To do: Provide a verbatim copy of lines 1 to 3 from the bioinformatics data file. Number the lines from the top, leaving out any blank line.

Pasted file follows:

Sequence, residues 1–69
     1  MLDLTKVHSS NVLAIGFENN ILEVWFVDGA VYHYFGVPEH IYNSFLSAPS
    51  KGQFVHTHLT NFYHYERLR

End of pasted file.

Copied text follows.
Sequence, residues 1–69
     1  MLDLTKVHSS NVLAIGFENN ILEVWFVDGA VYHYFGVPEH IYNSFLSAPS
    51  KGQFVHTHLT NFYHYERLR